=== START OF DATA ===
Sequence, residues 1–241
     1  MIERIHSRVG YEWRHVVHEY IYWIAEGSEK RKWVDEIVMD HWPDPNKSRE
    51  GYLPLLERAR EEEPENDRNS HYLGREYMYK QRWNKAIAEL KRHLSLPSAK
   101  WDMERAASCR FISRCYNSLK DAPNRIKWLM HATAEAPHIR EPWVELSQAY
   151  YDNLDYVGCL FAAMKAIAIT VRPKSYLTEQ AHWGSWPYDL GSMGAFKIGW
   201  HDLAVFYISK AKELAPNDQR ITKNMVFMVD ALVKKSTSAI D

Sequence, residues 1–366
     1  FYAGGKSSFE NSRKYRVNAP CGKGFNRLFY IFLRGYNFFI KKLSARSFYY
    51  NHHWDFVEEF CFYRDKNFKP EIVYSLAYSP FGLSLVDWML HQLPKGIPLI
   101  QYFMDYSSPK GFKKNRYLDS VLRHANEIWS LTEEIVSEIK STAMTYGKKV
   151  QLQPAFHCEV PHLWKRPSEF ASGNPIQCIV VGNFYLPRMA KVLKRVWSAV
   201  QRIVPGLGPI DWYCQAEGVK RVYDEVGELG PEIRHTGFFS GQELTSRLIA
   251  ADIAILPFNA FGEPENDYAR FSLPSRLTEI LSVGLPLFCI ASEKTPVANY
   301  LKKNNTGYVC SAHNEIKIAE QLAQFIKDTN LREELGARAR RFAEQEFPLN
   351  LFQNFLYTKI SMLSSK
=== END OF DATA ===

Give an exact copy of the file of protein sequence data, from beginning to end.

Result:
Sequence, residues 1–241
     1  MIERIHSRVG YEWRHVVHEY IYWIAEGSEK RKWVDEIVMD HWPDPNKSRE
    51  GYLPLLERAR EEEPENDRNS HYLGREYMYK QRWNKAIAEL KRHLSLPSAK
   101  WDMERAASCR FISRCYNSLK DAPNRIKWLM HATAEAPHIR EPWVELSQAY
   151  YDNLDYVGCL FAAMKAIAIT VRPKSYLTEQ AHWGSWPYDL GSMGAFKIGW
   201  HDLAVFYISK AKELAPNDQR ITKNMVFMVD ALVKKSTSAI D

Sequence, residues 1–366
     1  FYAGGKSSFE NSRKYRVNAP CGKGFNRLFY IFLRGYNFFI KKLSARSFYY
    51  NHHWDFVEEF CFYRDKNFKP EIVYSLAYSP FGLSLVDWML HQLPKGIPLI
   101  QYFMDYSSPK GFKKNRYLDS VLRHANEIWS LTEEIVSEIK STAMTYGKKV
   151  QLQPAFHCEV PHLWKRPSEF ASGNPIQCIV VGNFYLPRMA KVLKRVWSAV
   201  QRIVPGLGPI DWYCQAEGVK RVYDEVGELG PEIRHTGFFS GQELTSRLIA
   251  ADIAILPFNA FGEPENDYAR FSLPSRLTEI LSVGLPLFCI ASEKTPVANY
   301  LKKNNTGYVC SAHNEIKIAE QLAQFIKDTN LREELGARAR RFAEQEFPLN
   351  LFQNFLYTKI SMLSSK